Micro and nano electronics integrated circuit domain has been strongly driven by the advent of the Internet of Things (IoT). The constraints become very strong, especially in terms of power consumption and autonomy. Not only during the computing phases, but also during the standby or sleep phases. In such applications, the circuit’s behaviour will also have to meet new constraints mainly linked to changing energetic environment, automatic wake up on event (a real challenge for smart connected objects), data storage when the circuit is sporadically turned off, and ultra-low voltage power supply for instance. ON/OFF computing strategy and Dynamic Power Management are necessary in many applications with strong constraints, especially in terms of power consumption and autonomy. It is assumed that 75 billion objects, embedding several functions and/or various sensors and actuators, will be connected by 2025. The need to store and to access simultaneously an increasing amount of data requires energy-efficient embedded architectures, processes and design techniques. However, the continuously decreasing size of devices and increasing operating frequency leads to critical power consumption, which is a major challenge. Historical solutions to improve the energy efficiency in future applications are facing a wall (power gating, clock gating, voltage adaptation etc.). Therefore, there is an important need to propose new efficient solutions. On the other hand, since 2016 we entered in a novel era for MRAM memories, as its landscape has moved towards more industrial products & applications sold by key market players such as Everspin, Global Foundries, ARM, and Samsung for instance. However, integrating MRAM into more complex designs, like processors or microcontrollers, rises several scientific issues, related to the technology itself, but also to the benefits expected at the application level.
Such a technique is also called clock-less technique, meaning that in opposition to standard synchronous circuit there is no global clock computing in the whole circuit. This technique is based on a specific communication protocol, usually called handshake protocol. CEA-LIST has a strong experience for decades in such design techniques, which provide very low standby power consumption thus well adapted to IoT systems, enabling automatic sleep mode and instant wake up at gate level due to event based computation. It is delay insensitive by nature so insensitive to process variations, which is a significant aspect in very advanced processes. Thus, asynchronous design technique is obviously relevant for of normally-OFF systems. Regarding the design and use of an asynchronous MRAM memory, it is important to remember that memories, namely the bit cell arrays, natively behave within an asynchronous scheme. Timing constraints may then be added in the controller to fulfil synchronous design requirements. We thus choose to associate asynchronous MRAM and asynchronous processor to reduce the amount of design constraints. Moreover, the robustness provided by asynchronous design scheme naturally suits the variation of read/write requests durations in memories.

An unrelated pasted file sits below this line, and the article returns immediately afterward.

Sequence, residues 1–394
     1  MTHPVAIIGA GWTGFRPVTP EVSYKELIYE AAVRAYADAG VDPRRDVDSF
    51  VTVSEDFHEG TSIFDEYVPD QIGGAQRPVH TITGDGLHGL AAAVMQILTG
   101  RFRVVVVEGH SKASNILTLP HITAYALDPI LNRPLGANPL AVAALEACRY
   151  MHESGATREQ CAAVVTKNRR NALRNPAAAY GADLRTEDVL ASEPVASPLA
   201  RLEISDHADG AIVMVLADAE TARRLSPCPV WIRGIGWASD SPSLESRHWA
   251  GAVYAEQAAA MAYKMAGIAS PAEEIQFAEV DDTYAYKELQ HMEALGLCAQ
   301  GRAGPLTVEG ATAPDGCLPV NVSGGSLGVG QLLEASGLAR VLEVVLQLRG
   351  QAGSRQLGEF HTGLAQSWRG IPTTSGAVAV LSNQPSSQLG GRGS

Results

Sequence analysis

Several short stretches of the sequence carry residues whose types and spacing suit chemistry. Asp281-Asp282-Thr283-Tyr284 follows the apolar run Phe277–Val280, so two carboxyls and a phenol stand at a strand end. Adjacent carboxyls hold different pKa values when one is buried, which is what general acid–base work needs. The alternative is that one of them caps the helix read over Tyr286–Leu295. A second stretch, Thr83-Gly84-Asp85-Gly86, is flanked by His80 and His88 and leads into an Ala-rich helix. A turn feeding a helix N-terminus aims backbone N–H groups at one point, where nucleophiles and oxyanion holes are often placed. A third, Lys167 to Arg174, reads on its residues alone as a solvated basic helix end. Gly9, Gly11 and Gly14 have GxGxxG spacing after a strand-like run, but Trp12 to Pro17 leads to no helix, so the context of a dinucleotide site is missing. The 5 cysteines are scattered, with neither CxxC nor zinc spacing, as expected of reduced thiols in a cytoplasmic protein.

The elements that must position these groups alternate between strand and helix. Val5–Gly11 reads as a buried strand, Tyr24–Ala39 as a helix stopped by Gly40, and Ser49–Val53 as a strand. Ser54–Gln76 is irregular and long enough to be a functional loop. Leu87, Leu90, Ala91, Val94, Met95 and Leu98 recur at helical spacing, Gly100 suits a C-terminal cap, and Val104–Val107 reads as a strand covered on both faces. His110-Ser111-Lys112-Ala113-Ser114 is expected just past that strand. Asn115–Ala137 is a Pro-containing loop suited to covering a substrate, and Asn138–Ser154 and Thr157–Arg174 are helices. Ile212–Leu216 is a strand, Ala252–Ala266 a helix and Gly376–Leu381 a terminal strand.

MRAM technology: the basic element of a Magnetic Random Access Memories is the Magnetic Tunnel Junction (MTJ). Such a device, which is non-volatile (NV) and considered as a resistive element, is composed of 2 ferromagnetic layers separated by an insulator. When both ferromagnetic layers have their magnetization oriented in the same direction the device resistance is low. On the other hand, when the magnetization of these layers are in opposite direction the device resistance is high. MTJ enables to easily code ‘0’ or ‘1’ logic data in a NV manner. In this project, we intend to use and evaluate the last 2 generations of MTJs: i) the peSTT-MRAM flavour, which is presently already commercialized thanks to its interesting set of features and particularly in terms of energy and ii) the SOT-MRAM which is the most emerging MRAM flavour that has obviously very good electrical properties in terms of endurance and writing speed, thus writing energy, and for which further technological improvement is expected in the next years.
We work on the 28nm FD-SOI process from STMicroelectronics, which offers really interesting features for energy efficiency. Indeed, its body biasing capabilities enable to speed up computational phases and to significantly reduce leakage power consumption during inactive phases. Moreover, this process is latchup resistant, which is an important feature for circuit’s robustness.
|Partner||Name||First name||Current position||Role & responsibilities in the project|
|SPINTEC||DI PENDINA||Gregory||IR-CNRS||Coordinator, WP1 leader Scientific and technical leader of WP2|
|SPINTEC||PRENAT||Guillaume||Engineer Researcher||Physics and device modeling|
|SPINTEC||FRAGOSO||Joao||Engineer Researcher||MRAM memories and synchronous proc. design|
|LIRMM||BENOIT||Pascal||Associate professor||Scientific and technical leader of WP4|
|LIRMM||NOVO||David||CR-CNRS||System level explorations|
|LIRMM||SORIANO||Theo||Ph. D.||MRAM hybridization strategies for NV proc.|
|CEA-LIST||CHRISTMANN||Jean-Frédéric||Engineer-Researcher||Scientific and technical leader of WP3 Asynchronous proc.design|
The project started on October 1st 2019 and will end-up on September 30 th 2023.